By the time I had reached kindergarten I knew I was a leader. I had friends, and plenty of them. They all wanted to come to my house to play, and nearly always, they played by my rules. The goal was for everyone to have fun, and when playtime was over we’d all had fun, sometimes to the point of exhaustion. That made me a good leader. Right?
It never occurred to me that maybe it was my mom’s lunches or the fact that she never watered down her Kool-Aid that attracted so many of the neighborhood children to our yard. I hadn’t considered that because Mom let my friends inside to use the bathroom or that she always had a supply of Band-Aids, and other mothers trusted her, might be the reason for my popularity. I thought it was me, and my leadership style.
My extroverted personality landed me positions of leadership in the classroom as well. I was early to volunteer, eager to help, and almost always obeyed the rules. Adults could count on me to get things started and keep things going.
The first real frustration I recall as a leader didn’t happen until I was sixteen. One comment and gesture caused me to understand I was in the lead, but not much of a leader.
It was a boy, another sixteen year old, who knocked me off my own pedestal. This tall, handsome, and usually quiet boy stood in front of the group of teenagers and adult chaperones. He faced me, then bowed as he said, “Yes Queen.” He’d made me realize that my leadership style had room for improvement.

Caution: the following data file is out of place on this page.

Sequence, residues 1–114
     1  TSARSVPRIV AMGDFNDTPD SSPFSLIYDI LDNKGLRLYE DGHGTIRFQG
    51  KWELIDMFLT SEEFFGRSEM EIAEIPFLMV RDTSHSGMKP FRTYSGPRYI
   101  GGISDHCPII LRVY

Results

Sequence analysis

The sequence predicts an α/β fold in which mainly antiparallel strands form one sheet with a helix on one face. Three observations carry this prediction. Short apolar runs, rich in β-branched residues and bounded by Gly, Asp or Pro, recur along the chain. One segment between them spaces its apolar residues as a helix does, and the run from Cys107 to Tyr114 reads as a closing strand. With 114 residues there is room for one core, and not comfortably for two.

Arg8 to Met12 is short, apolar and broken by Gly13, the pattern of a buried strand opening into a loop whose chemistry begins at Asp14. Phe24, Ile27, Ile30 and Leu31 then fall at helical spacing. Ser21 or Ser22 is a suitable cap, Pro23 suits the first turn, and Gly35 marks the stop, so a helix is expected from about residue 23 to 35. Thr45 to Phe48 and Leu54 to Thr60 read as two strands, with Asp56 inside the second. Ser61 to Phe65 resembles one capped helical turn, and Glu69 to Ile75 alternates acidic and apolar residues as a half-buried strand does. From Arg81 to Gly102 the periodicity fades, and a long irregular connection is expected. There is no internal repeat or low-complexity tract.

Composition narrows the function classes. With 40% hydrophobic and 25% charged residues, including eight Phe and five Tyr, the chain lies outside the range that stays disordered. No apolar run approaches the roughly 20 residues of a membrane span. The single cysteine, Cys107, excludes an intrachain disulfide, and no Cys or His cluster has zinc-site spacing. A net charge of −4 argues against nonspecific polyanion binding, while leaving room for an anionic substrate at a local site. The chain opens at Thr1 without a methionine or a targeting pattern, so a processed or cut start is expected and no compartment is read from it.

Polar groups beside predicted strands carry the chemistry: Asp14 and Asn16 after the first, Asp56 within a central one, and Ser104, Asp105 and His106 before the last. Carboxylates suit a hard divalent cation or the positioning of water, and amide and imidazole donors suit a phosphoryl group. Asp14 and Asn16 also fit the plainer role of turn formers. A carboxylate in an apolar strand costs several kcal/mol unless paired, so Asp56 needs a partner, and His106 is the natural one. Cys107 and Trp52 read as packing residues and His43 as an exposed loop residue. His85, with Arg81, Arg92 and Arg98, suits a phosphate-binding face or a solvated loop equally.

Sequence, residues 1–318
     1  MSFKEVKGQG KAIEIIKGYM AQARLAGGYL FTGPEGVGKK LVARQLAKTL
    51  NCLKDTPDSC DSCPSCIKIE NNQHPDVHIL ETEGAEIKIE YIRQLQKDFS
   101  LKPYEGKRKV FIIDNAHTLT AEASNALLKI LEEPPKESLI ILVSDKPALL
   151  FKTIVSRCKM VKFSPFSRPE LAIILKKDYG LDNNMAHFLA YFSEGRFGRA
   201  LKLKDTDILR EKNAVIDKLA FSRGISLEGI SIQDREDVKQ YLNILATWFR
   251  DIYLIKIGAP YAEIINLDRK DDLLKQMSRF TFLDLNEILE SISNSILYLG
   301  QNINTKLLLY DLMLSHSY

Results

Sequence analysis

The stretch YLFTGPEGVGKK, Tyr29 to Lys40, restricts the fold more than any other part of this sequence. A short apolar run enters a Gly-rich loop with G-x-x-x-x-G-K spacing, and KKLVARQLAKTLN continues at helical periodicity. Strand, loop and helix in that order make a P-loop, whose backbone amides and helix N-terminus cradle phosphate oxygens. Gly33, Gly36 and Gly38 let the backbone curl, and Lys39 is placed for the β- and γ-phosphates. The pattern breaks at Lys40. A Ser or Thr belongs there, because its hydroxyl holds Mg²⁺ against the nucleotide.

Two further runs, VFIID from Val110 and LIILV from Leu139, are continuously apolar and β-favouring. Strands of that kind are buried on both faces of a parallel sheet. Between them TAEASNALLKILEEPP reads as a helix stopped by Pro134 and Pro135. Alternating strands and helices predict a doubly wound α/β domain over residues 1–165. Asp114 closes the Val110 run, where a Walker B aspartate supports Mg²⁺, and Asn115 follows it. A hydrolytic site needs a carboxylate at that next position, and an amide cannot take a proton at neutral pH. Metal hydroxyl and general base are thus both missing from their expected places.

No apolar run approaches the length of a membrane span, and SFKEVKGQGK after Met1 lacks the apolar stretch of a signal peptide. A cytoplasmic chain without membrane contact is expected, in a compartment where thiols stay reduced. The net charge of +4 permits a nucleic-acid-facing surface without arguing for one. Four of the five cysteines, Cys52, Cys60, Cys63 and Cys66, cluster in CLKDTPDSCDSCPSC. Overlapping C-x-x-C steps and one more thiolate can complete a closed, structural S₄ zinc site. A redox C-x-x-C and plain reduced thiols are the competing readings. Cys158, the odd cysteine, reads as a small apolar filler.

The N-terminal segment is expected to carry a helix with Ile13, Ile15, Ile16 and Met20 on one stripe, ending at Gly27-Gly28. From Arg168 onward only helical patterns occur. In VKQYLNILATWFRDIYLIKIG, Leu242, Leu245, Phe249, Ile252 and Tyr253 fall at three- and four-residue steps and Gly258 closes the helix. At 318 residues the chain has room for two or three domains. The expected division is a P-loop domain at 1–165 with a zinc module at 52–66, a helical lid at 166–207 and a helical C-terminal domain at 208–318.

After the meeting, he apologized for mocking me. He repeated the words “I’m sorry” three times, each time adding another layer of sincerity. His attitude, as much as his smile, made me feel weak in my knees.
He eventually knocked me off my feet.
Would you, please, consider one or more of these questions. Then, let me know your thoughts.
- Do you consider yourself a leader? Why or why not?
- What sort of leader do you get excited about following?
- Would you consider following a leader who is younger or less experienced than you?
- Have you ever fallen or failed because you followed the wrong leader?
Any other brief thoughts on leadership?